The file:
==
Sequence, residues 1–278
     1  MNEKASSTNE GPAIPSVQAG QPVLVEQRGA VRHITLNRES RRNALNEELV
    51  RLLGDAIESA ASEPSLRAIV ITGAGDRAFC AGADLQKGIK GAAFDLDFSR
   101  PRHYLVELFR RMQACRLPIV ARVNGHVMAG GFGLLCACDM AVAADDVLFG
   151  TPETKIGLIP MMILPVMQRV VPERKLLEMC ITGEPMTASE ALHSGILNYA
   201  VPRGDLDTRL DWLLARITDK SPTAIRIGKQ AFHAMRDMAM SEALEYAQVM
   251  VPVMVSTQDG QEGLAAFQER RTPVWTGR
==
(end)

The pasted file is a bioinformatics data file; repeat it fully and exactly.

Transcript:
Sequence, residues 1–278
     1  MNEKASSTNE GPAIPSVQAG QPVLVEQRGA VRHITLNRES RRNALNEELV
    51  RLLGDAIESA ASEPSLRAIV ITGAGDRAFC AGADLQKGIK GAAFDLDFSR
   101  PRHYLVELFR RMQACRLPIV ARVNGHVMAG GFGLLCACDM AVAADDVLFG
   151  TPETKIGLIP MMILPVMQRV VPERKLLEMC ITGEPMTASE ALHSGILNYA
   201  VPRGDLDTRL DWLLARITDK SPTAIRIGKQ AFHAMRDMAM SEALEYAQVM
   251  VPVMVSTQDG QEGLAAFQER RTPVWTGR